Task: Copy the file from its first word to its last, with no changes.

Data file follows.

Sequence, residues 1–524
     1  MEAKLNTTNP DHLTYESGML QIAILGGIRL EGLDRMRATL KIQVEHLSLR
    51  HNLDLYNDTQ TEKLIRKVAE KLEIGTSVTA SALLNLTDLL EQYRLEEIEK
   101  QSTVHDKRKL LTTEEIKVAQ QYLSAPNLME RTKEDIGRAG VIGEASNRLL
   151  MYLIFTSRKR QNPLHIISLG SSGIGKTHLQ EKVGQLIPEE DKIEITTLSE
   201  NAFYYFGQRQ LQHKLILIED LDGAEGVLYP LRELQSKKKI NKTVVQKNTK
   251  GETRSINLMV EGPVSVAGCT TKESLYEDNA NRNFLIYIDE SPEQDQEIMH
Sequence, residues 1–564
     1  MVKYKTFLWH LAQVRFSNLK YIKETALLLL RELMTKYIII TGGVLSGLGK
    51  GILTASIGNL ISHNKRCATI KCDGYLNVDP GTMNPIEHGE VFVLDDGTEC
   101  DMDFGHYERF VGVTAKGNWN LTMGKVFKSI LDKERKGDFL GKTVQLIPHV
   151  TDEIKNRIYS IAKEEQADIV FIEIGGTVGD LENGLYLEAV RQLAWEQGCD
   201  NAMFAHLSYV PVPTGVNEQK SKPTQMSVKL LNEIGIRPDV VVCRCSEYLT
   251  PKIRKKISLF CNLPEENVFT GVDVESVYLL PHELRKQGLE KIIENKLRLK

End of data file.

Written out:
Sequence, residues 1–524
     1  MEAKLNTTNP DHLTYESGML QIAILGGIRL EGLDRMRATL KIQVEHLSLR
    51  HNLDLYNDTQ TEKLIRKVAE KLEIGTSVTA SALLNLTDLL EQYRLEEIEK
   101  QSTVHDKRKL LTTEEIKVAQ QYLSAPNLME RTKEDIGRAG VIGEASNRLL
   151  MYLIFTSRKR QNPLHIISLG SSGIGKTHLQ EKVGQLIPEE DKIEITTLSE
   201  NAFYYFGQRQ LQHKLILIED LDGAEGVLYP LRELQSKKKI NKTVVQKNTK
   251  GETRSINLMV EGPVSVAGCT TKESLYEDNA NRNFLIYIDE SPEQDQEIMH
Sequence, residues 1–564
     1  MVKYKTFLWH LAQVRFSNLK YIKETALLLL RELMTKYIII TGGVLSGLGK
    51  GILTASIGNL ISHNKRCATI KCDGYLNVDP GTMNPIEHGE VFVLDDGTEC
   101  DMDFGHYERF VGVTAKGNWN LTMGKVFKSI LDKERKGDFL GKTVQLIPHV
   151  TDEIKNRIYS IAKEEQADIV FIEIGGTVGD LENGLYLEAV RQLAWEQGCD
   201  NAMFAHLSYV PVPTGVNEQK SKPTQMSVKL LNEIGIRPDV VVCRCSEYLT
   251  PKIRKKISLF CNLPEENVFT GVDVESVYLL PHELRKQGLE KIIENKLRLK